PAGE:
There are also dozens of different guns to experiment with, though there isn't a great deal of difference between the majority of them. These are restricted depending on what body type you've selected for your character in the hugely extensive customisation suite.
The Heavy body type can use all available weapons, even the meaty stuff like a mini-gun or grenade launcher, but it can't move very quickly and doesn't make use of the whole parkour movement mechanic effectively. The Light body type is the opposite, easily manoeuvrable but unable to use any sizeable guns. Medium is obviously a trade off between the two.
The parkour terrain manoeuvring is actually a bit of a disappointment, on the whole, considering it was one of the major selling points during the advertising campaign. The main problem is that the environments don't really allow you to make use of it creatively in any meaningful way, and this leads to the main issue with the game as a whole: bottlenecks.
It's hard to get away from them in any multiplayer game that involves objectives. At some point, every game is going to have an area where both teams end up struggling over. Brink's map design, while incorporating loads of side paths and flanking routes, is perhaps too condensed, leading to more chokepoints than necessary. A team that knows what it's doing defensively is incredibly tough to break down.
This is the main issue, but there are others. The game's got a storyline, but you'll end up just skipping it to get into the action, which is a rather sad state of affairs as clearly a lot of thought has gone into trying to create a reason behind the action. And all you'll do is spit in the eyes of the writers and demand to shoot people in the face quicker than they want you to.
While Brink is definitely easier to get into and has less of a steep learning curve compared to Quake Wars, it's still going to take most players a while to learn the maps (vital) and to get used to things like the objective command wheel (useful) and the particular quirks and capabilities of each class.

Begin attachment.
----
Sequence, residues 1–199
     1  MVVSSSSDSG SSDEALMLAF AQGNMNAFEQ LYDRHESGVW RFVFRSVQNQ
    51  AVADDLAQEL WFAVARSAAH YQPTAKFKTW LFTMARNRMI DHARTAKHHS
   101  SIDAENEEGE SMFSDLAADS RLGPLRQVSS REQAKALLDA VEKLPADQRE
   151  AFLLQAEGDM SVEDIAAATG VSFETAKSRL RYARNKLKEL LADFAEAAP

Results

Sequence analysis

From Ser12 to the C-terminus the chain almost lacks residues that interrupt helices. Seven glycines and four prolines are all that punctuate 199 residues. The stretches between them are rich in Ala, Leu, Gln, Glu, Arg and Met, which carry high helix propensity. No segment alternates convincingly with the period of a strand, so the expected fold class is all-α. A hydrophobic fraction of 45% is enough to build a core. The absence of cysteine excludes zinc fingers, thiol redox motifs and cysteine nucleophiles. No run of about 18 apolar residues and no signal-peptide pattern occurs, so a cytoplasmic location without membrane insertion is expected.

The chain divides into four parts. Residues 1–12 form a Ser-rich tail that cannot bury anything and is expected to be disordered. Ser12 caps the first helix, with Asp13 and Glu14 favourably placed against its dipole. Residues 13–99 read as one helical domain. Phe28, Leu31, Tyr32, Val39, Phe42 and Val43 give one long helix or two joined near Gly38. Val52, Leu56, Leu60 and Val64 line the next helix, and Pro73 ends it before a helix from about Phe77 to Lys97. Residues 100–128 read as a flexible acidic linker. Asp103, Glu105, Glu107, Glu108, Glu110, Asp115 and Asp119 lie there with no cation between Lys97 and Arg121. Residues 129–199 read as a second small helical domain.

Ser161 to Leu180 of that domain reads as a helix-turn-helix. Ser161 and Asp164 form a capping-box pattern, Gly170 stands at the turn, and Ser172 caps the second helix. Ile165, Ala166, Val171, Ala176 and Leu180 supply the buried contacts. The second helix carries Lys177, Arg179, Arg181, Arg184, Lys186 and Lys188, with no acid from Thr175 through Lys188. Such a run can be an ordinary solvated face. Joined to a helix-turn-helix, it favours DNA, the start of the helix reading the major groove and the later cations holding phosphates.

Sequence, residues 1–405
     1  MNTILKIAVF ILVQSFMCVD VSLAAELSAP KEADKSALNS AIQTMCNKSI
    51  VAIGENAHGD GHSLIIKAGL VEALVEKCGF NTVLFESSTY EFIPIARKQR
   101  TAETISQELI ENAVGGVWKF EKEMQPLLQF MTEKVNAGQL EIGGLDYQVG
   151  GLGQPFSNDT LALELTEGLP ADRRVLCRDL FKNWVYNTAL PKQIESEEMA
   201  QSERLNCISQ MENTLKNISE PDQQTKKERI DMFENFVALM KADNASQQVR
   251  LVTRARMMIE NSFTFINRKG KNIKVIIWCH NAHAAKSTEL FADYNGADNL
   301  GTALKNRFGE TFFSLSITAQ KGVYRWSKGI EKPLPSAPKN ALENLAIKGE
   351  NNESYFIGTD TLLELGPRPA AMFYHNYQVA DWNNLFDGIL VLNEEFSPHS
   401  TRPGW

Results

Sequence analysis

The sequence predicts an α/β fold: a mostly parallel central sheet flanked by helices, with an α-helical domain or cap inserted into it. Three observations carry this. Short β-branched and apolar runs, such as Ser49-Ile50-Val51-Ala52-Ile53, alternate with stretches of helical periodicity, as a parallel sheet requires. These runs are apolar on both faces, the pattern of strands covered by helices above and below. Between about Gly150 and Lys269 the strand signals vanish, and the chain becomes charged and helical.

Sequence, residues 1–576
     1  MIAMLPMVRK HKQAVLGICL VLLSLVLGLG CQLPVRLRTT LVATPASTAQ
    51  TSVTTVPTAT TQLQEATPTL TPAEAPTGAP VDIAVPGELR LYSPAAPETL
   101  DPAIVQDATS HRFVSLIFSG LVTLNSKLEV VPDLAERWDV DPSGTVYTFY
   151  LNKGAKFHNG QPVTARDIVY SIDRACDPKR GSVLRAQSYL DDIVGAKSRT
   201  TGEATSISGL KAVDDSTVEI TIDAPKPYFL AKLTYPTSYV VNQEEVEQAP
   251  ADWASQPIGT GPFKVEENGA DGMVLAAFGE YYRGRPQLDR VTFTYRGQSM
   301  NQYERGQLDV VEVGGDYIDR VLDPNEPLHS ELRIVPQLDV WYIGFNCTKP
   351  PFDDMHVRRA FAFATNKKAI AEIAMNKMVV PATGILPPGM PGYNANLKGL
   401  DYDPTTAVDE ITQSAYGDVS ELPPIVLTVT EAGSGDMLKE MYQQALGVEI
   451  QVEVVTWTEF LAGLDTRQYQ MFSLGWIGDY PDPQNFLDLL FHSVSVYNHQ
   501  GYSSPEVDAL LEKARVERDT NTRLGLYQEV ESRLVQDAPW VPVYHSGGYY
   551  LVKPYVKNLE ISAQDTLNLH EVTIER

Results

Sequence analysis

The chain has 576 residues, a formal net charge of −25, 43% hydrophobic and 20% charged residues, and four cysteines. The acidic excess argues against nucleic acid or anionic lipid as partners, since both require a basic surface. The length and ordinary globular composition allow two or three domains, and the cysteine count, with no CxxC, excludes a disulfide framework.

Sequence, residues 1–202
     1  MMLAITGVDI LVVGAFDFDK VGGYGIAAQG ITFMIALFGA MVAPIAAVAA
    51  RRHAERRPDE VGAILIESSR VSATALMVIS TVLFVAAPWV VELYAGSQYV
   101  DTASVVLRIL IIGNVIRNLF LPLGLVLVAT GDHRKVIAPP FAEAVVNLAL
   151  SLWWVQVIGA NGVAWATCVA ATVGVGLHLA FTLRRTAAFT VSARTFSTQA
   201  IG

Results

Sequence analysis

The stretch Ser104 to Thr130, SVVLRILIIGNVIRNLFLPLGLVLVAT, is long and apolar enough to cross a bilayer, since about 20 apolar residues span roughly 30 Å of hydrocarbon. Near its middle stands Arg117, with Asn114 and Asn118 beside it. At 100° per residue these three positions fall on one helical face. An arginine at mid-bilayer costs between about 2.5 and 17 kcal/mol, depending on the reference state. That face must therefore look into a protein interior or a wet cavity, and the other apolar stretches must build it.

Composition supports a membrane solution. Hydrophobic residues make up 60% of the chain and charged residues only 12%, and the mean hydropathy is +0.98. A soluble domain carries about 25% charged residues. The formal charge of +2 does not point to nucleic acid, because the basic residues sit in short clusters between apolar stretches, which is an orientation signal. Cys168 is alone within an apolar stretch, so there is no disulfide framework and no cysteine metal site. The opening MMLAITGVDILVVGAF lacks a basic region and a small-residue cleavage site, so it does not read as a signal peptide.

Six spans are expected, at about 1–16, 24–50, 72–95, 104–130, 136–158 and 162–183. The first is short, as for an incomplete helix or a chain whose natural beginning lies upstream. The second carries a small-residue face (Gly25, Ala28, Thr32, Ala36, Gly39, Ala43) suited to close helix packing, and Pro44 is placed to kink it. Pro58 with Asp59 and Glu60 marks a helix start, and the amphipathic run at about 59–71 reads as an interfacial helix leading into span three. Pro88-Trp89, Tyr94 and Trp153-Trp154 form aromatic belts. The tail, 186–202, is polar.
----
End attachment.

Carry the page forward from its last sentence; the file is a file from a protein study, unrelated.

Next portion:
Brink desperately wants to be a more mainstream-friendly game than its predecessors, and it certainly is, but there's enough complicated stuff left in to potentially scare off the casual observer. And, although this particular player (i.e. your reviewer) doesn't care about and is quite happy to put the time in to learn a game like this, because it's far more rewarding that way, it's still an issue that needs to be considered if you're not of that mindset.
Having said all this, and to be honest the game has so much to it, we'd be here for days describing all its elements, it's a good game. It's one of the few games that makes you forget about merely getting the most kills and proving how much of a kill-stud you are. It makes you care about your team-mates and the objectives. Even when you're not getting anywhere, when the action's pent up into a corridor and the attack has stalled, there's always something you feel you can do to try to even the odds, to break through. Which will inevitably fail, but you get up and try again.
As for technical issues from the PC side of things, your correspondent has perhaps been fortunate to not experience any. It's not necessarily the answer you wanted to hear, but it's only the lack of a purchasing option on Steam at the time of writing that has caused this reviewer consternation. As for all the bugs that have reared their heads, your correspondent hasn't personally come across them.
There also hasn't been any noticeable lag when connecting to servers or playing on them, and aside from a slightly muddled server browser, the whole experience has been relatively painless. Whether this is an issue still afflicting the console side of things, only those who are playing that version would be able to comment with authority.
- Focuses on teamwork
- Massive scope for customising your character
- Might only be 8 maps on paper, but that doesn't tell the whole story
- Bots don't push for the objectives
- Still hard for casual players to 'get'
- Plot sadly will be ignored by nearly all
The Short Version: Splash Damage have attempted to make their unique brand of multiplayer shootage more accessible to the masses with only limited success. Still a great team romp, but chokepoints are too obvious and frequent.